- Federal Election Campaign Act
- Political Action Committee (PAC)
- Family Businesses
- Defense Attorneys
- Insurance Defense
- Department of Labor ("DOL")
- Fair Labor Standards Act (FLSA)
- Equine law
- Kentucky Equine Liability
- House Bill 33
- Legal Insight and Litigation
- Academy of Model Aeronautics
- FAA Modernization Act of 2012
- Small UAS Rule
- Bad Faith Claims
- Insurance Coverage
- Mediation Services
- Kentucky Motor Vehicle Reparations Act
- Kentucky No Fault Insurance
- Personal Injury Protection
- Magnuson-Moss Warranty Act
- Dog owners
- Real Estate Law
- Malicious Prosecution
- Municipal Liability
- Business Entities
- Business Formation and Planning
Get the Biggest Bang for Your Association’s Political Buck!
The strategy of most Trade Associations is to advance shared issues and industries through pooling members’ resources. Nothing impacts those issues and industries more directly than elected officials and the campaigns that bring them into power. A Political Action Committee (PAC) can serve as an effective advocacy tool to maximize member resources and support political candidates who are more likely to support and vote on your association’s initiatives, or even promote specific policy initiatives and action items directly.
PACs come in multiple forms, and numerous options are available to an organization depending on its goals and budget. No association is too large or too small to benefit from such an effective advocacy tool, and by establishing the right type of entity, your association can effectively educate and support policymakers on key member issues.
There are some caveats, of course. Both the Federal Election Campaign Act and Kentucky state election laws largely prohibit trade associations and similar membership organizations from directly contributing to political candidates, political party committees, and political action committees (PACs). They may, however, make independent expenditures, contribute to the non-contribution accounts of Hybrid PACs, contribute to Super PACs, and establish separate segregated funds (SSFs), all of which are defined below:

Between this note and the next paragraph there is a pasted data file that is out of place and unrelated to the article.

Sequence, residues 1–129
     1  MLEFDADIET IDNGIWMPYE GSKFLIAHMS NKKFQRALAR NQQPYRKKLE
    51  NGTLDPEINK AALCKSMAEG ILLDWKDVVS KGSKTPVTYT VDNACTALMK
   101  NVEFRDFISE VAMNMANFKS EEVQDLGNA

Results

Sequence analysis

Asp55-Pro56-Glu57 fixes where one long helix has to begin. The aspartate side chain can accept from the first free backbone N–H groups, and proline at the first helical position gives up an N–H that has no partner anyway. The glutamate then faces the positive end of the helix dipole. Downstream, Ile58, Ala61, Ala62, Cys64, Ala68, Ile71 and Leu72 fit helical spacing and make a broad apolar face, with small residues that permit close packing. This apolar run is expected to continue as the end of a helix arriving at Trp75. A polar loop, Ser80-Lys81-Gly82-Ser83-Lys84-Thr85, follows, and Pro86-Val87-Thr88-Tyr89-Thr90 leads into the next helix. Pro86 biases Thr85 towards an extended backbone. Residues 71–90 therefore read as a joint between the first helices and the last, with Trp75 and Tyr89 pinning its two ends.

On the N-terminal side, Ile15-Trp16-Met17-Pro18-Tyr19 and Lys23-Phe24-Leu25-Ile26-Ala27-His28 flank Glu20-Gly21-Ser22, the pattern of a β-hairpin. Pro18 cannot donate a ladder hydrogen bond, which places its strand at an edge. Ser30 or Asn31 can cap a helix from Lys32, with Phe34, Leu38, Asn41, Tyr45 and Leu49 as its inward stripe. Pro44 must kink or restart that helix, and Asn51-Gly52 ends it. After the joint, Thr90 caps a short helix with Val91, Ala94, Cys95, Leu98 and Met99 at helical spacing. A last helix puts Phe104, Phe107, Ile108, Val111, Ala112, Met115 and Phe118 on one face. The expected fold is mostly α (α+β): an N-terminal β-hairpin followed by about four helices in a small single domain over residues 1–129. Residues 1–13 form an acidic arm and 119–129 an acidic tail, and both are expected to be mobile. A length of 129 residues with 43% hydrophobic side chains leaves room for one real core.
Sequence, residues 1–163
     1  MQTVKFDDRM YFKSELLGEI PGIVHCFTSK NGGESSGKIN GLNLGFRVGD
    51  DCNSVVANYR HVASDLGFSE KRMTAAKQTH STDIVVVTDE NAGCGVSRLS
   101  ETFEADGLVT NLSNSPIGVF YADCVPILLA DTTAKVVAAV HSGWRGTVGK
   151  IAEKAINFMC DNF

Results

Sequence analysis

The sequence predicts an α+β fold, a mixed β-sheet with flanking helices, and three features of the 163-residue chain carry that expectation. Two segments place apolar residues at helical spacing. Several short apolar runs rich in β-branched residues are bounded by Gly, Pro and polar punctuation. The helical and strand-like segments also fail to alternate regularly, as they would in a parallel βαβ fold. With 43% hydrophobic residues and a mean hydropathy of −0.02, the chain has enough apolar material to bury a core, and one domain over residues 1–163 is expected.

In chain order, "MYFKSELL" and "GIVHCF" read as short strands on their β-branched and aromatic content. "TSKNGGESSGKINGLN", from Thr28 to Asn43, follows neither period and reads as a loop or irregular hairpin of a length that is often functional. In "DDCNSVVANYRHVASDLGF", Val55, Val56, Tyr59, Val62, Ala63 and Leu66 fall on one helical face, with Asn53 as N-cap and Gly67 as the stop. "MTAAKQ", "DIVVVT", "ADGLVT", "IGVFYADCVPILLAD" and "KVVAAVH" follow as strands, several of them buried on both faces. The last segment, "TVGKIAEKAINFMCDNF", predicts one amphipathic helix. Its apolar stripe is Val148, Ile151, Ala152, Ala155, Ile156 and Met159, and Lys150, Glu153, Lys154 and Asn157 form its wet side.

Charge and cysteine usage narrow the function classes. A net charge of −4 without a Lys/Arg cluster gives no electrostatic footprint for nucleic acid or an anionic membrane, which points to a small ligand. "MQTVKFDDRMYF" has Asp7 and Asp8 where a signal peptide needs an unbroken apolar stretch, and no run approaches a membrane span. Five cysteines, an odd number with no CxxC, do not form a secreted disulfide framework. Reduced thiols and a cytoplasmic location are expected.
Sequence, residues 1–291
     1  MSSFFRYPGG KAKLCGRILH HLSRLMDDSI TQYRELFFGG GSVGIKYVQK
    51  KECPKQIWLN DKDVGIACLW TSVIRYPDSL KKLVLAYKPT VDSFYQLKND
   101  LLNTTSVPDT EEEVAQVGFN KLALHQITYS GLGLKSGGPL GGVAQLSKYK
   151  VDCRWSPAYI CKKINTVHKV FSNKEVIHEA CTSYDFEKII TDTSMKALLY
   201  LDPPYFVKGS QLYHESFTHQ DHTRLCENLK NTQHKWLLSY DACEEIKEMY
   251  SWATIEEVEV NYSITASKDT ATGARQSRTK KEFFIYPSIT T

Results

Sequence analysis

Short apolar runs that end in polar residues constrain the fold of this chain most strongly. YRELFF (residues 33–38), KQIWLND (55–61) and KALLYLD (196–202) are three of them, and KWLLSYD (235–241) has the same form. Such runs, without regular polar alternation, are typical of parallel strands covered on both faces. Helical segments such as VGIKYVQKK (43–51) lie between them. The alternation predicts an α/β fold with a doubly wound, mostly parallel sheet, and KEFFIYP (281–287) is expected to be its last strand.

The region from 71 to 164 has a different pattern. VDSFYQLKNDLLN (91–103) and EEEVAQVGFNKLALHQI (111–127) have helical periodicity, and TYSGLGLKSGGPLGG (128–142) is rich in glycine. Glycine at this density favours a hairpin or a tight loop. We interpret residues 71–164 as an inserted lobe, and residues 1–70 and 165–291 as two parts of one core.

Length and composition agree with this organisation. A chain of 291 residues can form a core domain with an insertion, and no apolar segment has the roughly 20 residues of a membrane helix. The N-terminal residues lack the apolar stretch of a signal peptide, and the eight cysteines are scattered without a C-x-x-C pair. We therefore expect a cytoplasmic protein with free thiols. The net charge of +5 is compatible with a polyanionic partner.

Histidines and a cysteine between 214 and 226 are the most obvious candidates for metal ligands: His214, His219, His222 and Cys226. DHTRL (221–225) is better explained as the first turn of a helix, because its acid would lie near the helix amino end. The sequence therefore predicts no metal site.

- Independent Expenditures are payments for communications that openly advocate for the victory or defeat of a clearly identified candidate, but that are not coordinated with the candidate, or his or her party. These expenditures may take the form of advertisements that suggest how a viewer should vote, an online video that advocates for a certain hot-button political issue, or even a bumper sticker, as long as a reasonable person might interpret it as advocating for or against someone or something in a political context.
- Hybrid PACs are structured with two separate accounts - one for making direct campaign contributions in connection with federal or state elections (depending on the PAC’s registration), and one for making independent expenditures as defined above. While the former is subject to legal limits and prohibitions, the latter may accept unlimited contributions from individuals and organizations.
- Super PACs are independent expenditure-only committees. Super PACs can raise and spend unlimited funds from individuals, corporations, and labor unions, as long as they do not contribute to or coordinate with a candidate or party.
- Separate Segregated Funds (SSFs) allow labor unions and corporations, including trade associations (organizations generally prohibited from making direct or coordinated contributions in connection with federal or state elections) to establish political organizations through a governance structure and bank account maintained separately from the entity’s board and treasury. SSFs may contribute directly to candidates’ campaigns, as well as make independent expenditures.
Large or small, a PAC is a targeted tool to make your association’s voice heard on the issues that matter most to your members. The complexities of how to legally raise and spend money, however, can be difficult to navigate without an experienced and knowledgeable hand to guide you. Don’t miss out on the game-changing benefits of a PAC - call McBrayer Law today, and we’ll help make it manageable.
Anne-Tyler Morgan is a Member of McBrayer law. Her law practice primarily focuses on politics, elections, and campaign finance, nonprofit institutions and associations, foster care and adoption, administrative law, healthcare law, pharmacy law and transactional healthcare and transactional agreements. Ms. Morgan can be reached at email@example.com or (859) 231-8780, ext. 1207. We take a team approach to deliver effective counsel to all our clients, so other attorneys in the firm may perform these services as well.
This article does not constitute legal advice.